Long-Term Disability

Long-Term Disability Serious accidents or injuries can happen at any time. But what happens if the insurance company denies your legitimate long-term disability claim?

Look at your policy. Are you covered for “own occupation” or “any occupation”? “Own occupation” coverage means that you are unable to carry out the duties of your current occupation. “Any occupation” is when you are incapable of performing duties of any job. This is a more narrow type of policy that essentially means you are totally disabled. Most insurance policies transition from “own occupation” to “any occupation” after 24 months.

Typical reasons the insurance companies deny your claim is because you don’t have enough medical evidence to support the claim. Medical evidence such as regular medical visits, missing medical records, and a doctor’s statement are important for your claim to be processed efficiently and to your satisfaction. One of the most important pieces of medical evidence you can have is a detailed doctor’s statement. So make sure you obtain your doctor’s opinion on work-related limitations separately from the insurance forms provided.

The insurance company will usually deny your claim if you don’t regularly see your doctor. Long-term injuries require the supervision of your doctor for a long period of time. Don’t stop seeing your doctor, even if you can’t afford it or you may be feeling a little better. You’re sure to get a denial letter in the mail.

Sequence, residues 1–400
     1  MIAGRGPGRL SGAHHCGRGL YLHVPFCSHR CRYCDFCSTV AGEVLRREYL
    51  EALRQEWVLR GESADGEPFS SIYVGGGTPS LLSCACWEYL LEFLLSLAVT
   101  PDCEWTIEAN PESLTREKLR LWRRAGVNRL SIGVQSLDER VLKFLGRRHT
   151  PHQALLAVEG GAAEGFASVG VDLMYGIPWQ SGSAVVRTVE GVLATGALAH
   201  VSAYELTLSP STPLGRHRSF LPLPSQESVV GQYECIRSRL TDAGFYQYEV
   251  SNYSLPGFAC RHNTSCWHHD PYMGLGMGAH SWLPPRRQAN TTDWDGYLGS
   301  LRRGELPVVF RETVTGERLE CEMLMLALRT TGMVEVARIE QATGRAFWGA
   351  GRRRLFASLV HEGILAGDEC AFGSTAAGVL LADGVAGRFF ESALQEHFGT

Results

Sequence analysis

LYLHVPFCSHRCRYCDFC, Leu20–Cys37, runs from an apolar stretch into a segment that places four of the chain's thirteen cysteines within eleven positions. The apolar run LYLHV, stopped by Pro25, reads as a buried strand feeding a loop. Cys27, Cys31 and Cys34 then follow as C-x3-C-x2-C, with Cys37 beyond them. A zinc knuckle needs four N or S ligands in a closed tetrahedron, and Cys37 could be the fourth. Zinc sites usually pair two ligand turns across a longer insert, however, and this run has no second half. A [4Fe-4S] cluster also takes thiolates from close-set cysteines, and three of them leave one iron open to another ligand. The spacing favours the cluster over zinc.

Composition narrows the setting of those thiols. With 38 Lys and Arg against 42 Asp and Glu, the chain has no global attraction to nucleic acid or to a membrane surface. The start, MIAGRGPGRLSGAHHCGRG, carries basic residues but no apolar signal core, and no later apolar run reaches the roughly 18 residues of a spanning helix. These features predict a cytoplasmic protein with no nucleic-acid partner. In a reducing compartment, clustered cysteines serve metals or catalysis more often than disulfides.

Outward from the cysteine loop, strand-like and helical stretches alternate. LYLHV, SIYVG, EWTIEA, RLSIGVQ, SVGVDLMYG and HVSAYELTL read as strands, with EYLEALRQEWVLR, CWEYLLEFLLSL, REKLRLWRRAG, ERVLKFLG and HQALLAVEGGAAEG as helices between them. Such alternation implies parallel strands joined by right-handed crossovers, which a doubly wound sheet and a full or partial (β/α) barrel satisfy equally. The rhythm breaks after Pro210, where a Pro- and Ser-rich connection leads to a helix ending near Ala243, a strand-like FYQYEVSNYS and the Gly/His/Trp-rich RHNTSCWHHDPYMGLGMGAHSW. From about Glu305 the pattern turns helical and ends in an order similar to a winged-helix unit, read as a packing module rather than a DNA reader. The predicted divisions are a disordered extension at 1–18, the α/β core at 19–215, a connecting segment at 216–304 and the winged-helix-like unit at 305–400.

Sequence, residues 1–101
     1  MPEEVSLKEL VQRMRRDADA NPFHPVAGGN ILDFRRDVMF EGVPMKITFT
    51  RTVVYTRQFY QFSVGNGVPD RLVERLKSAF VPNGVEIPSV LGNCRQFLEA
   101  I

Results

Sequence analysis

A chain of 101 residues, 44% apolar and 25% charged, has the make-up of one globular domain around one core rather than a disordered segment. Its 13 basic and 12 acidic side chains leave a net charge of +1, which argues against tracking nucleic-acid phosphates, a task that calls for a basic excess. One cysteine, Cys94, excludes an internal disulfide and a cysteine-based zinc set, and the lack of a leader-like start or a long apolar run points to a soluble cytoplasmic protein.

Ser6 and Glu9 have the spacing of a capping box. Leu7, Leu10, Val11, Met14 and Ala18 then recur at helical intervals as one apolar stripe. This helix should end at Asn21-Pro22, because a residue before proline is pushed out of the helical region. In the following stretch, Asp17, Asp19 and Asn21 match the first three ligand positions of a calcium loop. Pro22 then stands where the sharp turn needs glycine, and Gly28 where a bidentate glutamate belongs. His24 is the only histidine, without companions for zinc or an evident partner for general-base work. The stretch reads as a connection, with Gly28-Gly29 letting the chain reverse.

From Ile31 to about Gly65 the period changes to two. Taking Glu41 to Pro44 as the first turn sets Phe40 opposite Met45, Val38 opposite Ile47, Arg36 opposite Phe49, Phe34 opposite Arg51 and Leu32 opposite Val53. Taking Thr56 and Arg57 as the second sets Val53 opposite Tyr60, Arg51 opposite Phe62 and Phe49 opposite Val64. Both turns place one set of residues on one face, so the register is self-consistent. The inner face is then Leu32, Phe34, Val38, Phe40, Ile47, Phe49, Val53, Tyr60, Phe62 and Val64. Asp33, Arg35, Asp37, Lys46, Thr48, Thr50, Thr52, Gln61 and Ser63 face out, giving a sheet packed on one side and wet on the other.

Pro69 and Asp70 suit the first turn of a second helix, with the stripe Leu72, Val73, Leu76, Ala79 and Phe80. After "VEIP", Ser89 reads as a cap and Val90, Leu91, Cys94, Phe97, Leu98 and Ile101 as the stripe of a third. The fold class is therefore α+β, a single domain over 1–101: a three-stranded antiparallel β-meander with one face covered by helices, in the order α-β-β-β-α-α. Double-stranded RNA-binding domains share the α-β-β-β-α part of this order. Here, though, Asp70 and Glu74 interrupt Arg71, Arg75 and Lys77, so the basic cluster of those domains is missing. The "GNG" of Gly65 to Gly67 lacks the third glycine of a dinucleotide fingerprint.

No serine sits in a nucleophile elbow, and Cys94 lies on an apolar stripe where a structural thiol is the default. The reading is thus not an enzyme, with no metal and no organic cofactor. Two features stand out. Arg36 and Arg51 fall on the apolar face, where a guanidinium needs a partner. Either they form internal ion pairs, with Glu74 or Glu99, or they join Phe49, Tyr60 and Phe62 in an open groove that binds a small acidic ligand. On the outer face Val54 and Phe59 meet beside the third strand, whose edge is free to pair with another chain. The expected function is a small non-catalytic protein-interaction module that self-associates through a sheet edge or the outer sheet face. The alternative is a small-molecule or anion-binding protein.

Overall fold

The insurance company may also not have all of your medical records. Be diligent—keep track of what records have been ordered and received by the insurance company. This is always a good practice when making and claim, long-term disability or otherwise.

Another reason for denial would be because the insurance company has video evidence that you are not as injured as you say you are. Insurance companies would much rather save paying out for long-term disability; and if hiring a private investigator would help prevent that, they will do it. Social media sites are additional places the insurance company will investigate to look for reasons to deny your claim. A sound bit of advice: act in accordance with your doctor’s restrictions.

You must act fast with your denial appeal, because ERISA (The Employee Retirement Income Security Act of 1974) only gives you 180 days to do so. If you believe your long-term disability claim was denied unfairly, we have over 30 years experience with insurance law. We want to help you get a fair resolution to your long-term disability claim. Please schedule a free confidential consultation by calling us at 704.376.1911 in the Charlotte area or toll free at 1.800.977.3077, or Contact Us online.